Golf is my passion from April to September. I try to get out when I see the first sign of green on the public courses. I am not a great golfer, but I find it relaxing and somewhat physical. Every year when I begin a new season, my body seems to take a step backward. I know it is inevitable, but I want to feel ready this spring. Any advice for an old hacker who loves the game? - Jim
Golf is a game that is easy to love. I love it, too. It has the unique ability to invite you to relax as it lures you into a day of physical activity. But, as with any sport, it requires basic conditioning to prepare your muscles and joints for 18 holes and four to five hours of concentrated effort.
When activity is cyclical like golf, resuming where you left off the previous year places unaccustomed stress on your body. Unless you live in a climate that is warm year round, it is impossible to play golf without extended lay-offs. And because it's challenging to keep golf-specific muscles in the swing of things, you must recognize the need for regular conditioning exercise that is not limited to golf season.
Each year that passes adds to the challenge of withstanding the unusual stress a powerful golf swing puts on your joints as they become less resilient and more prone to injury. It is essential that you devote time to your pastime before the first day of golf.
You need to focus on two aspects of conditioning - resistance training and flexibility. Fifteen to 30 minutes spent on a few exercises and a few stretches will go a long way toward pain-free golf. Before you do anything, you need to warm the entire body up for five to 10 minutes - walking, cycling, stair-stepping or jogging.
Golf is spent repeating a series of explosive movements and will over-train some muscles and neglect others. Movement is performed in the same direction each time, therefore continually places more stress on one side of the body. This can result in subtle postural changes and muscle imbalances.
Your lower back muscles may over-develop, which can leave the abdominals under-developed. Ultimately if larger muscle groups take over at the expense of the smaller, stabilizing muscles, it can cause pain and over-use injury.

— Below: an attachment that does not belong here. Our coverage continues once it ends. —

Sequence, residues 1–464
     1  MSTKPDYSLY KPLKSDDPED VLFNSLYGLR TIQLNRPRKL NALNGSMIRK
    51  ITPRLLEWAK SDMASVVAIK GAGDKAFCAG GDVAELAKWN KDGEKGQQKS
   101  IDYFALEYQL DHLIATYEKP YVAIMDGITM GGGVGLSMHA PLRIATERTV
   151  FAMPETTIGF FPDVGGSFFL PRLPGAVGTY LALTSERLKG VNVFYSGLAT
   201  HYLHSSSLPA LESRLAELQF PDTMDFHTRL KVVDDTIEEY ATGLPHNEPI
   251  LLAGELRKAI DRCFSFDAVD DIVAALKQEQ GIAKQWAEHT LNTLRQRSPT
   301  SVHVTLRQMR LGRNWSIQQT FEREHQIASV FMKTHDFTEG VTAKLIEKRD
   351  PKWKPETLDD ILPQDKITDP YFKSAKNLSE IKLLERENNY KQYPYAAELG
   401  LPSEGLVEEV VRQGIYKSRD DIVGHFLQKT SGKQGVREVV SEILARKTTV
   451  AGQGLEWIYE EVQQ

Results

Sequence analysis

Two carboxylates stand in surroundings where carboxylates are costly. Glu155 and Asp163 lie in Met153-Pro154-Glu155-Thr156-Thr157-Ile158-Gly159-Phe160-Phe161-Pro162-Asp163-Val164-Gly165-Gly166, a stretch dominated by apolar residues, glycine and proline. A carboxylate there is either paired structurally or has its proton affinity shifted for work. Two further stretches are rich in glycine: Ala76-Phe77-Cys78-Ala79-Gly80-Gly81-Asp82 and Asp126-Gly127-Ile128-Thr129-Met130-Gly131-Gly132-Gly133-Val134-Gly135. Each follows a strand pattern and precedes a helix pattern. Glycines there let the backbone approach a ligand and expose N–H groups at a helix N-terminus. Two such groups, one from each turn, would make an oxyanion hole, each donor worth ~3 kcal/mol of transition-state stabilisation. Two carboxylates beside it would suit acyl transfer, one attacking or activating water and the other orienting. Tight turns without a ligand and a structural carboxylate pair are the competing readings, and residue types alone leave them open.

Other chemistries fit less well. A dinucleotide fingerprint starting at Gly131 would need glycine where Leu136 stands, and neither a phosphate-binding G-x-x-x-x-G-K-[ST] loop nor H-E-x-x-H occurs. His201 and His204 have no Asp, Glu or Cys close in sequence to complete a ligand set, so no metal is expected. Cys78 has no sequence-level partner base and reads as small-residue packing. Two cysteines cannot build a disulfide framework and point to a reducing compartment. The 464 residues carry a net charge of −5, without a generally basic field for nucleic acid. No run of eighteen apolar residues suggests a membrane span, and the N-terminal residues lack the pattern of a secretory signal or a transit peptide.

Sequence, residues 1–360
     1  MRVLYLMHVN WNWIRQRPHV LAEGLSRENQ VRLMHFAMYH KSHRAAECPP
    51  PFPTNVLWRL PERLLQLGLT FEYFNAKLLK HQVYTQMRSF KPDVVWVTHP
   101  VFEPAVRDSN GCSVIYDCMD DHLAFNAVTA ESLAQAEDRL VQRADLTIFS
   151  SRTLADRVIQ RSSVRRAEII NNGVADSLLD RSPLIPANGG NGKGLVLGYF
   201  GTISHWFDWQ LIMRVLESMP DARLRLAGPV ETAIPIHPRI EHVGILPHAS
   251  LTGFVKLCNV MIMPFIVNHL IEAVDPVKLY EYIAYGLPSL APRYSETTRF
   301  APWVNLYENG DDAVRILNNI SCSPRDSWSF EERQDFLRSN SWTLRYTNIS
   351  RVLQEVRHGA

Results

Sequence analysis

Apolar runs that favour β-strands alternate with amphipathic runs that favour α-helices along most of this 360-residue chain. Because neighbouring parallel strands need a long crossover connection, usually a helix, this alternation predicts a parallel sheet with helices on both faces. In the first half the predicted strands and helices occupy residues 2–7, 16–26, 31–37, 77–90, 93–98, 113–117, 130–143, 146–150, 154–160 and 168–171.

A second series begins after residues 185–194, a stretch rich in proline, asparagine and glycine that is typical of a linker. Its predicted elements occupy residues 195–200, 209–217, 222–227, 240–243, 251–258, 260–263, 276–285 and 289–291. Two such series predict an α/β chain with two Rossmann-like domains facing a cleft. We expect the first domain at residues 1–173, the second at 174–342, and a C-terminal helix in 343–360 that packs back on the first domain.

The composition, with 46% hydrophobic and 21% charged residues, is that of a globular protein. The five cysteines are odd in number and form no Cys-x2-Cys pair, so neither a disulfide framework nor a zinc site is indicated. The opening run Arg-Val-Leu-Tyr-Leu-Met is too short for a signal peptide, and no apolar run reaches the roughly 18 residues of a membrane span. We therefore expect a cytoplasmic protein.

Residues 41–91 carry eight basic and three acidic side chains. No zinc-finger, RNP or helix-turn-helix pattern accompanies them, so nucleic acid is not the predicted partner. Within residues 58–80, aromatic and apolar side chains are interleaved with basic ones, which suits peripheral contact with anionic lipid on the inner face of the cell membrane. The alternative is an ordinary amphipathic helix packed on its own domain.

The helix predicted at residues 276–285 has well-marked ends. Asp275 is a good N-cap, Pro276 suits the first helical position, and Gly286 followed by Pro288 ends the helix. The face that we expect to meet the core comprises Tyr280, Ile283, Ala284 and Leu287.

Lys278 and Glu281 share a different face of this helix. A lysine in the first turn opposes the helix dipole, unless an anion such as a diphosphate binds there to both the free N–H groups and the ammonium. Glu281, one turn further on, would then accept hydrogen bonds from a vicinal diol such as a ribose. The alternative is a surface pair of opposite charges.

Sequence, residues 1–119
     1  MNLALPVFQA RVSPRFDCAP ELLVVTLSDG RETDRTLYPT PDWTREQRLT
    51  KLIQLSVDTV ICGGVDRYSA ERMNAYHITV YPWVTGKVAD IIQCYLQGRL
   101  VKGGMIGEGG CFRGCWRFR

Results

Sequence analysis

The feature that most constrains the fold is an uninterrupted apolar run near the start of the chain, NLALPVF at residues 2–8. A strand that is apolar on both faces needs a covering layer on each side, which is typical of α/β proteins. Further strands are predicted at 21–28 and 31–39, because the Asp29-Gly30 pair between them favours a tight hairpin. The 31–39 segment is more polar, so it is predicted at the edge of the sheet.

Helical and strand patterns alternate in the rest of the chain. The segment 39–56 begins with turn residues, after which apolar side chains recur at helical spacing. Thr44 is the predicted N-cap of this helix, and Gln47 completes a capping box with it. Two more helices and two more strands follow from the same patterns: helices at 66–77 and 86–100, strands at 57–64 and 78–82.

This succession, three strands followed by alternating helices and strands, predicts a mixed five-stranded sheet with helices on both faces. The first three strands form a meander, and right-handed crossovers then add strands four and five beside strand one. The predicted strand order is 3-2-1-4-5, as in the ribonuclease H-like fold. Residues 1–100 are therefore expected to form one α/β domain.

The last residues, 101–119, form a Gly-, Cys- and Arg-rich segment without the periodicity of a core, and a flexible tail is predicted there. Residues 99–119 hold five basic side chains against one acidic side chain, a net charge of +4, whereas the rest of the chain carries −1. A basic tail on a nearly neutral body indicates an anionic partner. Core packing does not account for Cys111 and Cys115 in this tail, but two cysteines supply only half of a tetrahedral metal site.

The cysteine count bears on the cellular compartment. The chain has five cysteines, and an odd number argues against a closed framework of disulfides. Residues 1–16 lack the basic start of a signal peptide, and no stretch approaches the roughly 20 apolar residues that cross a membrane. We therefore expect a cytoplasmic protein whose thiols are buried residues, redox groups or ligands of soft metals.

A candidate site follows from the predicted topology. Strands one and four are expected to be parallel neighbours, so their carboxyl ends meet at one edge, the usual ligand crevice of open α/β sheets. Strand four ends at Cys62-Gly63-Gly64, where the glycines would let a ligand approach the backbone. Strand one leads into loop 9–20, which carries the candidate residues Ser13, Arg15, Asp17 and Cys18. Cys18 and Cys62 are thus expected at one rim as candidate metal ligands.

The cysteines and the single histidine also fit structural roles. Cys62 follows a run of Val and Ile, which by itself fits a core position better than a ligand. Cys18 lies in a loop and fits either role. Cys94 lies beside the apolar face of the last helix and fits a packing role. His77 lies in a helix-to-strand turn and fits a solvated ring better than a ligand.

Resistance training that is not golf-specific has its benefits, but it will not necessarily prevent pain after a day on the links. A training program that seeks to balance the muscles from side to side and mimics the mechanics of a golf swing is the smarter way to prepare for the game.
For instance, does a bench press resemble any movement in golf? No. Rather than performing traditional strength moves, consider the benefits of an exercise that incorporates the whole body, focuses on the core region and rotation of the hips. The idea is to counterbalance the repetitive nature of a one-sided golf swing.
Research has shown that you will gain greater joint flexibility and strength if you follow your resistance training with stretches that include rotation in the core, lower back, shoulders and hips. This approach will give you the best results. Here are two golf-specific stretches that should be done when the body is warm.
The first is done in a lunge position with a rotation and promotes flexibility in the hip flexors, quadriceps and core muscles. Use a middle iron to assist the stretch.
• Place the club vertically on the ground to your right.
• Lunge down with your left leg forward and your back knee in a bent position.